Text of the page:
I've upgraded to the latest firmware (o02269, which, eventually, is a lower number than the firmware the printer had previously --> check with the remote panel and do not trust on the firmware numbers) and things with Mate seem to improve, althought I've to perform some more tests. I'll keep you informed.
Manuel, please do keep us informed about your findings.
Whether the print comes out of the printer more or less damp is not really the determinative issue. The determinative issue is what you see on the paper the next morning after the print has been allowed to dry. By then, the paper should be flat and the print quality should look much crisper and cleaner.
Eric and I both tested the same printer target file on our respective machines (3800/4800). (We do not live in the same cities, so we are doing this by email.) When we examine the prints under bright light, we can see traces of a mottly, greyish uneven splotchiness in the deep tones. This is the problem. The status of this issue as it has evolved between Eric and me right now is that the kind of effect he is observing in the dark tones on EEM coming out of his 3800 are similar (but perhaps more intense) to what I see coming out of my 4800. On examination of older prints I did NOT find this effect on prints from my previous 4000 using original Ultrachrome. This is mainly why we think it may be more related to K3 ink than to the printer model.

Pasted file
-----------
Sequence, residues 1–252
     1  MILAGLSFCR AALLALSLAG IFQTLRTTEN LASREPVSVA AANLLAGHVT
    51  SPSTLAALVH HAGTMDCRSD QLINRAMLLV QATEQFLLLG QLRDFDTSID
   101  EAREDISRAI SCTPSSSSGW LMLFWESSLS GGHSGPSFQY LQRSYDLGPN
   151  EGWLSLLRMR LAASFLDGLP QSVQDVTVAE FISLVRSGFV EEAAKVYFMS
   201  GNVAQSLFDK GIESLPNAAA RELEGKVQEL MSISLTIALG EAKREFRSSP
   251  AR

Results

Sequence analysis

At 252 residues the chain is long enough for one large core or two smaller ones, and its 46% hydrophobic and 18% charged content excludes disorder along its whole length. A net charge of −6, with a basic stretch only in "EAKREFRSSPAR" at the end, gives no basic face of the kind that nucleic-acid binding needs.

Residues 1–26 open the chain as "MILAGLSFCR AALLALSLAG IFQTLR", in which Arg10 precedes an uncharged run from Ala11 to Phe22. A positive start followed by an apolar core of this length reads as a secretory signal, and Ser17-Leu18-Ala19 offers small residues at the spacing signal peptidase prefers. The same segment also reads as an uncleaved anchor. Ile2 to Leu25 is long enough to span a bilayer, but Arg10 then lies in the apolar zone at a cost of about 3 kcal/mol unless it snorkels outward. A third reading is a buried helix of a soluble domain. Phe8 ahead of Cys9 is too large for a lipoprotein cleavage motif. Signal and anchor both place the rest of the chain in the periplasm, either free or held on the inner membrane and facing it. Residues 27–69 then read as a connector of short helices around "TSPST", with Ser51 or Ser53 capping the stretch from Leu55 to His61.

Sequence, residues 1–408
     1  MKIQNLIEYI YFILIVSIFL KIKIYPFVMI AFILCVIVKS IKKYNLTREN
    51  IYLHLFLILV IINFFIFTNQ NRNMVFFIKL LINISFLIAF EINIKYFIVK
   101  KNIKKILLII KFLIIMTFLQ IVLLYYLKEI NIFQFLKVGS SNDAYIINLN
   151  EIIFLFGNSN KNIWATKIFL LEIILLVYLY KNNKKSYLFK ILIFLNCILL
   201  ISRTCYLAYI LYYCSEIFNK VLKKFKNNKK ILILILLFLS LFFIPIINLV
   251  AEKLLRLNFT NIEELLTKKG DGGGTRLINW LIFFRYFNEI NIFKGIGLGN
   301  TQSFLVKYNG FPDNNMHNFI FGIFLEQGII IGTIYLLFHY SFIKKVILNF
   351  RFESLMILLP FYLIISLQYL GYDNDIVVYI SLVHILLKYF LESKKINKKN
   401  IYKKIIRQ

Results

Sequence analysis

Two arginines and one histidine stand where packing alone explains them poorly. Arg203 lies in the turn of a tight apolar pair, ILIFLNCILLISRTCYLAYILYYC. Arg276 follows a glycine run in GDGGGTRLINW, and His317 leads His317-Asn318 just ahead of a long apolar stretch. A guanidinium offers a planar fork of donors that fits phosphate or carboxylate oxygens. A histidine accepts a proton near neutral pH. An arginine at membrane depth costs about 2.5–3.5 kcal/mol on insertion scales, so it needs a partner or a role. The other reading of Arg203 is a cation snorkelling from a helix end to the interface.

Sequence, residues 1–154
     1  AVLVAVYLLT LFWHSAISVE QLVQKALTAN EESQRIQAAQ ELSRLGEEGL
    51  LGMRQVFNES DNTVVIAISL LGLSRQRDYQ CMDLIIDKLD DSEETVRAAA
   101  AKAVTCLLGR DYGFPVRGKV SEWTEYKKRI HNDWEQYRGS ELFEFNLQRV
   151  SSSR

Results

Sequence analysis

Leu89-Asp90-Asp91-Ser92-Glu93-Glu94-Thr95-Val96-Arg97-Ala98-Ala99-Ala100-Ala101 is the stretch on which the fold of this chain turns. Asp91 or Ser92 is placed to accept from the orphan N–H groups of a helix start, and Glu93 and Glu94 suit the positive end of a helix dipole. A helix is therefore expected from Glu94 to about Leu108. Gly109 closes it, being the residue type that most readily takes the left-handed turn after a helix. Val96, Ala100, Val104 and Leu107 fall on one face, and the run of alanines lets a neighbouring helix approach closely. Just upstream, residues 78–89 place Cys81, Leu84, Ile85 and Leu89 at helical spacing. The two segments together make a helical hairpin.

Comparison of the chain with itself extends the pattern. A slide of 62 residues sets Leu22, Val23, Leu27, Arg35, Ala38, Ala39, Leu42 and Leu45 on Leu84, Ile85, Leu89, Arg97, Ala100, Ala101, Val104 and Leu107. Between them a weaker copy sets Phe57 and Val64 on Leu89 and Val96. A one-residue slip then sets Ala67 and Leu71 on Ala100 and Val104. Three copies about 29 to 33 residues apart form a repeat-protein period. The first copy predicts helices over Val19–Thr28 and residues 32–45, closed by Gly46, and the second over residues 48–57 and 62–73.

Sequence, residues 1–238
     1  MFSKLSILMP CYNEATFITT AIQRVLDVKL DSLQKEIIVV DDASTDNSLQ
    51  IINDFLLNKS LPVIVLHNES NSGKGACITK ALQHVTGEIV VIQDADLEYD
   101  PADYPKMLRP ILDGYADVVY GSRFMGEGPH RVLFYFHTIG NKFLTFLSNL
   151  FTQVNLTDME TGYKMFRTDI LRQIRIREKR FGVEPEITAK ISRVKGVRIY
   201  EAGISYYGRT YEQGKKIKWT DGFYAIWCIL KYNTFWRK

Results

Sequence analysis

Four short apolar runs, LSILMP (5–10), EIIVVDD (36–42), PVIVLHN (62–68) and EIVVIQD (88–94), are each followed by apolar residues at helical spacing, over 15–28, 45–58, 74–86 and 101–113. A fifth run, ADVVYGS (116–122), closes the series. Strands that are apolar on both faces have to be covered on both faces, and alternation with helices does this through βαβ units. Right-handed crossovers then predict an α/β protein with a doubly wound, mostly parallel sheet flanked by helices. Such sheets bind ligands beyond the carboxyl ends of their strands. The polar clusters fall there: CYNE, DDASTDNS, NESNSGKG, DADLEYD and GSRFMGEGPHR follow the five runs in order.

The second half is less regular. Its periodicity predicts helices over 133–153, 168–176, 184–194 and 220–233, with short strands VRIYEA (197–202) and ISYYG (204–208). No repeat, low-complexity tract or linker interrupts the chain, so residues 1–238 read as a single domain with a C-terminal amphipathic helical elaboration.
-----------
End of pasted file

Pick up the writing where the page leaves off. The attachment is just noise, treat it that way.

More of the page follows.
Interestingly, at least for me with the 4800, the angle at which the light hits the paper and at which you view the print determines whether you see this effect or not. It is there, but not equally bothersome at all lighting and viewing angles.
The reference to Epson is that I shall bring these target test prints to PSWorld in Boston next week and show them to people in the Epson Booth, and see what they advise about it.
Meanwhile I think it would be very helpful if 3800 and 4800 owners reading this thread could contribute their observations - not so much about the prints coming out of the printer damp, but whether or not the next morning you see what appear to be greyish or muddyish blotches in deep-tone areas of the prints.